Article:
Looking Back on the Bicentennial

In UTA’s University Hall in an office decorated with a silver railroad spike from Smithville, a woman’s bonnet from Ft. Davis, an award-winning Bicentennial poster by Fort Worth’s Jerre Todd and Associates, and a San Antonio parade sign “autographed” by Clark Gable’s Packard touring car, Gene Brownrigg presides over the gradual winding down of the Bicentennial celebration in Texas. As director of the American Revolution Bicentennial Commission of Texas almost since its beginning in 1971, Mrs. Brownrigg, with a staff of three, is compiling information on just what did happen in connection with the Bicentennial. Information coming in to her office seems to indicate that the Bicentennial was a resounding success.

In the early seventies, leadership at the federal level was squabbling over plans for celebrating the Bicentennial, but under Mrs. Brownrigg’s leadership, Texas was already working to develop projects at the local level. “At the grass-roots level, people could actually set their own priorities,” Mrs. Brownrigg says. “There was no leadership at the federal level so those of us who were in on it early realized we were going to have to do it ourselves.”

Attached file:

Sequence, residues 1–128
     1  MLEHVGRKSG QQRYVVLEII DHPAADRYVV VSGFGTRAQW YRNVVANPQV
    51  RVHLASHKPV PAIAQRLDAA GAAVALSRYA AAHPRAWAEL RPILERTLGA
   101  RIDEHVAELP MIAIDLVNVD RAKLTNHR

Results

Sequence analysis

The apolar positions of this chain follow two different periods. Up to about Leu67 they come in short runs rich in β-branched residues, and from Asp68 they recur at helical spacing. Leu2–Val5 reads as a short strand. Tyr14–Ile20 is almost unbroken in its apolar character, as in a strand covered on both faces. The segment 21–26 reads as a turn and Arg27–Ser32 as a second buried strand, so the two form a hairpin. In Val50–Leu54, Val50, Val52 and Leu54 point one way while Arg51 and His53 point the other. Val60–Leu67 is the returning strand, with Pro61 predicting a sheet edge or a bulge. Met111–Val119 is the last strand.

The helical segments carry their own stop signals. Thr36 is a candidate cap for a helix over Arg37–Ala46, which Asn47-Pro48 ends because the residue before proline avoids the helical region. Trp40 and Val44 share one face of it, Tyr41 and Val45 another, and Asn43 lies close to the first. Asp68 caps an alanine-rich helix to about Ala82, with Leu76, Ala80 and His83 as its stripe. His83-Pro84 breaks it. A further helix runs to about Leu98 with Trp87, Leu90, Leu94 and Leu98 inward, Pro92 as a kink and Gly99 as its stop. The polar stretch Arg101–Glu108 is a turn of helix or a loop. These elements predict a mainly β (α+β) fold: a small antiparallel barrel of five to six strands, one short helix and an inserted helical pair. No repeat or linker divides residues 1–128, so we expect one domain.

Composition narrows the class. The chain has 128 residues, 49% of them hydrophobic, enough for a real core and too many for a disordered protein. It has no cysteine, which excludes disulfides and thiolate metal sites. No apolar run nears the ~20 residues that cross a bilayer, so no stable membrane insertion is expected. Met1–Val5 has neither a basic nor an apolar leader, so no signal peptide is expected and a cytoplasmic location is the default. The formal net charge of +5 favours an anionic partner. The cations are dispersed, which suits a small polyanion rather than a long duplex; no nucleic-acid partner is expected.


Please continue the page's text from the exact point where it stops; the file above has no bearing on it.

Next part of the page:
Texas projects included a Japanese peace garden in Fredericksburg – planted in cooperation with the people of Japan – a garden for the blind and a greenhouse for the handicapped in Houston, a barrio arts center in San Antonio, and a savings account in Denton to be used in 2076.

In all there were 810 projects throughout the state. Among them were 102 new museums, 146 oral history projects, 387 tree-planting projects, 105 new parks, 14 medical facilities, 85 preservations, 227 restorations, 302 historical publications, 66 cookbooks, 195 flagpoles, 41 gazebos, and 90 time capsules.


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